Lord John Grey of Pirgo
John Grey (c. 1523 – 1564) was an English courtier. He was condemned to death for his involvement in Wyatt's rebellion against Mary I, but was released under attainder. He was restored from attainder by Mary's successor, Elizabeth I, who also granted him the royal palace at Pirgo. Lady Catherine Grey, his niece, and sister to Lady Jane Grey, was released into his care in 1563. He was again imprisoned for a short time after the publication of a book claiming that Catherine was the legitimate heir to the throne.
Grey served as deputy at Newhaven (now Le Havre) in France at the English fortification while it was strengthened and given extra storage facilities. He received grants from Edward VI of the rectory of Kirby Bellars, Leicestershire with additional estates in Leicestershire, his family's home county, Derbyshire and Nottinghamshire which were confirmed by Queen Mary with additional grants of Bardon Park, Leicestershire and the site of the monastery of Kirby Bellars.
John Grey and his brothers became involved in Wyatt's rebellion which proposed to replace Catholic Queen Mary with her Protestant half-sister Elizabeth and Grey was condemned to death. His brothers, Henry Grey, 1st Duke of Suffolk and Lord Thomas Grey, were both executed but with the assistance of his Catholic father-in-law, Viscount Montagu, John Grey was released, though still under attainder, and lived obscurely until the death of Queen Mary. Grey was his father's sole surviving son but he was disallowed the marquessate.
Lady Jane Grey, John Grey's niece, had been sentenced to death for treason before Wyatt's rebellion. She was executed the month after the rebellion.[relevant? ]
Queen Elizabeth's accession
Grey appeared at court as head of his family, attended the Queen on her first progress to London and gave her a costly gift on the first New Year's Day of her reign. A few months later he complained of poverty to her chief adviser and the Queen granted him her own manor of Pirgo and its house as well as lands in Somerset. He was 'restored in blood', released from the act of attainder and appointed one of the four Protestant noblemen to supervise the alteration of the Book of Common Prayer.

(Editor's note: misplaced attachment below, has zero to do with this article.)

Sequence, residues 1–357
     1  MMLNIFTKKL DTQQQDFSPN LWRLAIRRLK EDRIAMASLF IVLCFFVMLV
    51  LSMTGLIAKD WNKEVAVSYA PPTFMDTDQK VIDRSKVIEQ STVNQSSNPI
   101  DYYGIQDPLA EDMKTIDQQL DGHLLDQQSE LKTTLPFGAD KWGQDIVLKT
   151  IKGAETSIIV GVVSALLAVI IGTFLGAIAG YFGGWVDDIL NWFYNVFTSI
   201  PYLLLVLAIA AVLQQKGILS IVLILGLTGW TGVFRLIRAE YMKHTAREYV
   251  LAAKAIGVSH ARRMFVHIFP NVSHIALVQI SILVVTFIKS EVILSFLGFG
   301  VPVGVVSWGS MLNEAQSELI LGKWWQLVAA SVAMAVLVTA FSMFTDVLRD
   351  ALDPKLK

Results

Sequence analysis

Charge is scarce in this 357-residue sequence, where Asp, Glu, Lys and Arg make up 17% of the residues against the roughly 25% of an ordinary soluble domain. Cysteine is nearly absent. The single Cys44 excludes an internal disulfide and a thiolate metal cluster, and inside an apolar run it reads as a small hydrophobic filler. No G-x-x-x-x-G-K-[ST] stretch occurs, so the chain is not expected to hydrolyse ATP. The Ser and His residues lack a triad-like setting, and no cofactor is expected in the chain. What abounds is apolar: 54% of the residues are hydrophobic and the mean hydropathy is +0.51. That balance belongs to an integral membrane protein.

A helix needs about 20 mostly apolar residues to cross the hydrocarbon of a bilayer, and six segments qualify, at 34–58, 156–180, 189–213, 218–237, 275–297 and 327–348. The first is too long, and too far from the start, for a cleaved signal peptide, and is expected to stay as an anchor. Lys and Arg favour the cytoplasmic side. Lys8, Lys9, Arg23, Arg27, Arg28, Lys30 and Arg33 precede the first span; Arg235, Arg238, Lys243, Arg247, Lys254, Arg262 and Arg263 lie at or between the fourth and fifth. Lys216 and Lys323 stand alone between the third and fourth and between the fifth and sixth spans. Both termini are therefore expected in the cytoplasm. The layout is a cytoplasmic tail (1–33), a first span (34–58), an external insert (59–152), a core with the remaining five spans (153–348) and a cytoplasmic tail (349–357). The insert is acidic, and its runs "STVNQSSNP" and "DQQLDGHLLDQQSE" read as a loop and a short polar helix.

Lady Catherine Grey
Lady Jane Grey's younger sister, Grey's niece, Catherine, heir presumptive under the will of Henry VIII, had married secretly in 1560 without the Queen's consent. The marriage was quickly discovered and she was confined to The Tower. Released under house arrest in 1563 for her safety during an outbreak of plague she was sent to Pirgo under the care of John Grey. Then a book circulated claiming that Catherine was lawful heir and not Mary, Queen of Scots. The Queen removed Catherine from his charge and John Grey was briefly taken into custody.
Lord John Grey of Pirgo died a short time later at Pirgo on 19 November 1564 and was buried there in his chapel.
John Grey and Mary Browne had three sons and four daughters including:
- Henry, Lord Grey of Groby who, based at Pirgo, re-established the family presence at court and in Leicestershire.
- Margaret, wife of Sir Arthur Capel, Sheriff of Hertfordshire in 1592 and they are reputed to have had eleven sons and nine daughters.
- Frances, wife of William Cooke of Highnam, Gloucestershire, son of Sir Anthony Cooke of Gidea Hall near Pirgo.
- Elizabeth, wife of Henry Denny of Cheshunt.
- Jane, wife of Sir Edward Greville, of Harold Court, Essex; younger brother of Fulke Greville, 4th Baron Willoughby de Broke.